of MatSidenavModule is not a reference: [object Object]

Then remove this entry from package.json:

"postinstall": "ngcc"

Another error related to module exports like the one below:

Error: Failed to compile entry-point @angular/material/tooltip (es2015 as esm2015) due to compilation errors:

node_modules/@angular/material/fesm2015/tooltip.js:1129:26 - error NG1010: Value at position 3 in the NgModule.exports of MatTooltipModule is not a reference: [object Object]
1129                 exports: [MatTooltip, TooltipComponent, MatCommonModule, CdkScrollableModule],

When I get this error, it is caused by using a version of Material at 9.0 or above. I do not just get one, I see numerous errors, all similar, so instead of continually attempting workarounds or restructuring my imports, I would rollback the Material version to 8.2.x and the build will be more successful.

Resolving errors when running the application after successful build

After a successful build, you may get errors while the application is running that are difficult to resolve from the code base.

A common error that occurs after running ng serve is shown below:

core.js:36282 Uncaught TypeError: Cannot read property 'id' of undefined
    at registerNgModuleType (core.js:36282)
    at core.js:36300
    at Array.forEach (<anonymous>)
    at registerNgModuleType (core.js:36296)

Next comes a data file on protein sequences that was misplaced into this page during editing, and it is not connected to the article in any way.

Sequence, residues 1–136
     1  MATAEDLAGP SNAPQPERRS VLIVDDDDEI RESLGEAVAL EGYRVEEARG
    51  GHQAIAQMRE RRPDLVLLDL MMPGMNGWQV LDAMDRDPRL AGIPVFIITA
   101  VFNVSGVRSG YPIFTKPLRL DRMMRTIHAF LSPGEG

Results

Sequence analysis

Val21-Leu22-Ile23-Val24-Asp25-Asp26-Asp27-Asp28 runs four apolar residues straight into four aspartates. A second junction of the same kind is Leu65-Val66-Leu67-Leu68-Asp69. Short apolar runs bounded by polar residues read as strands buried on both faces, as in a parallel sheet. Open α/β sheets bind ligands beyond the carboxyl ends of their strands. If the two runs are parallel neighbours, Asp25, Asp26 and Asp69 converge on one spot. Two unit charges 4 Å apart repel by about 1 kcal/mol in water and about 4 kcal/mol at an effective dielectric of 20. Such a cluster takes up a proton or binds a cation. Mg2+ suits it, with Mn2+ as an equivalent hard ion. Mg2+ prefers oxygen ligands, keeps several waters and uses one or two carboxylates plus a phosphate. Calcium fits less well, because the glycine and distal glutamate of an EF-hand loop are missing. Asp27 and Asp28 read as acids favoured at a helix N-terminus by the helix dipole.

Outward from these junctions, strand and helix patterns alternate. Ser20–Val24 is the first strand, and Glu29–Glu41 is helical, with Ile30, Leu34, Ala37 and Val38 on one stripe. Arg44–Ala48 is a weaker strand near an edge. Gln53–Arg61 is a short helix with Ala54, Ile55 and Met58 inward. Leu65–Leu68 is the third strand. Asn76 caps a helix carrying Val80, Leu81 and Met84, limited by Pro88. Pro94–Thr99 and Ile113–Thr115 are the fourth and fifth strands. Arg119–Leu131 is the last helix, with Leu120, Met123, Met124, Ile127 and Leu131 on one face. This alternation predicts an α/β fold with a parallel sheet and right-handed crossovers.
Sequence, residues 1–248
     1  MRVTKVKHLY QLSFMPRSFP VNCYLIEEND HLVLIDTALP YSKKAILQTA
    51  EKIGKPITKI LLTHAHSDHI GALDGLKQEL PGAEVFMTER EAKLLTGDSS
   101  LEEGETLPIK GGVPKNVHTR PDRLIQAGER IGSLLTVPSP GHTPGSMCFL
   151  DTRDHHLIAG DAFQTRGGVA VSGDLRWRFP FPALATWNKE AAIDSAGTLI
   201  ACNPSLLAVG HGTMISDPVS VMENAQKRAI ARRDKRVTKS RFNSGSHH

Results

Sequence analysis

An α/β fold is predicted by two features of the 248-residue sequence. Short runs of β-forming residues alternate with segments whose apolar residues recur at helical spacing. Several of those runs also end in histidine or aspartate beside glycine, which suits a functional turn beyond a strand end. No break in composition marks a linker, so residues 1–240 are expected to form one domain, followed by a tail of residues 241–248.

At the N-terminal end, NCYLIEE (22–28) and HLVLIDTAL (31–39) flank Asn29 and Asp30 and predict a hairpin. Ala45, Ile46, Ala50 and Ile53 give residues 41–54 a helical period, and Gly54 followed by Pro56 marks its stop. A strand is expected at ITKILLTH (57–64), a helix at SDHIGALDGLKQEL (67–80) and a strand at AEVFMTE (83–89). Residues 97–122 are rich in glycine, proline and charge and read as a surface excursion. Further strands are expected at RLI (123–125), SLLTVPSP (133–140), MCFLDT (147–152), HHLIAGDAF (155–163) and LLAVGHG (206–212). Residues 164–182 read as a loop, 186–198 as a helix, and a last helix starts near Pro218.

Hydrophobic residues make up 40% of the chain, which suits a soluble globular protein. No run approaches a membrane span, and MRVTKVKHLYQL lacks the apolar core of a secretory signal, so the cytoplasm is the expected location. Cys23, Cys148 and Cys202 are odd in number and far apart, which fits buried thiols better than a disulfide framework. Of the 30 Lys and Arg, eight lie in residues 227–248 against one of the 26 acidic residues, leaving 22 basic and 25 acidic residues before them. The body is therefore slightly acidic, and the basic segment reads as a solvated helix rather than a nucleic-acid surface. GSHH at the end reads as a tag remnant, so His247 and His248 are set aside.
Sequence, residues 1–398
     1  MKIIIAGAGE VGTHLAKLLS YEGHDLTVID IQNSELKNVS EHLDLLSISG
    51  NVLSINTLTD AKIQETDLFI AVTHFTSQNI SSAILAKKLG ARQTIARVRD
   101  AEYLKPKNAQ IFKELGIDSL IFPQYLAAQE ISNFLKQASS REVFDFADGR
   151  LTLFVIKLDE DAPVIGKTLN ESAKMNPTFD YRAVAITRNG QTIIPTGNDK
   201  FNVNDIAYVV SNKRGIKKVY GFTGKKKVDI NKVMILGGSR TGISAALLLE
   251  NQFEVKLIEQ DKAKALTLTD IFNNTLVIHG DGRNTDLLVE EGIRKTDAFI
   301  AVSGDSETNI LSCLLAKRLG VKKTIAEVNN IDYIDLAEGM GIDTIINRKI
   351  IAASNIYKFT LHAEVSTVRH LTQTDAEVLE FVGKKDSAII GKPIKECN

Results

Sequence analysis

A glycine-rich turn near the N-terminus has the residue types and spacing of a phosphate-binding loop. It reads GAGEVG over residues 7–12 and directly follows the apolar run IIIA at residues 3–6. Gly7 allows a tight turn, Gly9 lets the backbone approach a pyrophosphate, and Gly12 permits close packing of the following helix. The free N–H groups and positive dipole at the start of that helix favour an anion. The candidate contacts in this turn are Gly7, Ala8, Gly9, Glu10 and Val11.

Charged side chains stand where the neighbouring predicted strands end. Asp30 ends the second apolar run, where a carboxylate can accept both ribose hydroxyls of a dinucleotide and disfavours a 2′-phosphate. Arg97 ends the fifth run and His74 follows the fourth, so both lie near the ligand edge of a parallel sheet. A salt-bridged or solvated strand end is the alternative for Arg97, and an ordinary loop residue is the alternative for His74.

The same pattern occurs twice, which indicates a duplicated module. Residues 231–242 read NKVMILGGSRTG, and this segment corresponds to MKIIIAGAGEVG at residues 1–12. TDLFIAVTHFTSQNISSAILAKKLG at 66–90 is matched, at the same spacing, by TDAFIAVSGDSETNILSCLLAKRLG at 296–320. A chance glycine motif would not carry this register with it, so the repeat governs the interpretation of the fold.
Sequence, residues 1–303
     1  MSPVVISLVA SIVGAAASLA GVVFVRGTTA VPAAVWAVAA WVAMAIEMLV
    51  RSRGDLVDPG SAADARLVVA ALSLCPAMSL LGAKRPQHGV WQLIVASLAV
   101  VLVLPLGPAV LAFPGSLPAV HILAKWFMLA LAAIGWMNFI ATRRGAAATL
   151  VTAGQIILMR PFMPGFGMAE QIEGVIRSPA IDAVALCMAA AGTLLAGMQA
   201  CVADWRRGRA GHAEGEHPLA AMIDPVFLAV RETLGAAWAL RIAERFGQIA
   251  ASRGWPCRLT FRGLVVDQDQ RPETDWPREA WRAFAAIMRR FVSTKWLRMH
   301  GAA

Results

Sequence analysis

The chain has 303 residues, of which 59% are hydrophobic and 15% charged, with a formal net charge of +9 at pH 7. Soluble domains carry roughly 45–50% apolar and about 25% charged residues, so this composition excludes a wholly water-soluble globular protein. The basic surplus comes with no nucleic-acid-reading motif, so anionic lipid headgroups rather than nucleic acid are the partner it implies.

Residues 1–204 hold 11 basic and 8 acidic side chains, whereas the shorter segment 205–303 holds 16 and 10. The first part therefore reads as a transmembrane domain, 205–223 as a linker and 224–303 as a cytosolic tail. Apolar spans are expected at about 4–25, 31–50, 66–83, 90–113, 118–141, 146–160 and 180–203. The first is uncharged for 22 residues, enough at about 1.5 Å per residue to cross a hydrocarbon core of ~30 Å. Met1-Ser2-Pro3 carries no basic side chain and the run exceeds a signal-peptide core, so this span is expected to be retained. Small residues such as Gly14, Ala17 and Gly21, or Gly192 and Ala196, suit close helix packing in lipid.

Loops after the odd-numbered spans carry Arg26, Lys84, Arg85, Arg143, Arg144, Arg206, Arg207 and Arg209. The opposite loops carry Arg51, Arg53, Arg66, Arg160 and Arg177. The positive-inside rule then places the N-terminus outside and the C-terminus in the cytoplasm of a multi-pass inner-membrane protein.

at core.js:36300
    at Array.forEach (<anonymous>)
    at registerNgModuleType (core.js:36296)
    at new NgModuleFactory$1 (core.js:36461)
    at compileNgModuleFactory__POST_R3__ (core.js:42350)
    at PlatformRef.bootstrapModule (core.js:42717)

This error is caused by a component that uses a reference that cannot be resolved to a module. To be able to see detailed errors, in Angular.json, enable AOT compilation:

"aot": true,

Next, run a production build:

ng build --prod

You will then see the cause of the error. A typical error would be as shown:

src/app/services/notification-service.ts:10:47 - error TS2339: Property 'baseLoanApiUrl' does not exist on type '{ production: boolean; baseApiUrl: string; }'.
10     private baseLoanAPI: string = environment.baseLoanApiUrl;

After correcting the source issues re-build, run and re-test the application.

After upgrading ensure that the application is thoroughly tested and all components that are dependent on upgraded libraries are tested and pass any unit tests and/or E2E for the project. A discussion on the compilation issues and compatibility of Angular Material Components and the Angular Ivy compiler is in the following discussion here at the Angular component github site.

In a future post I will show how to upgrade an Angular application from version 9 to version 10.

That is all for today’s post.

I hope you have found this post useful and informative.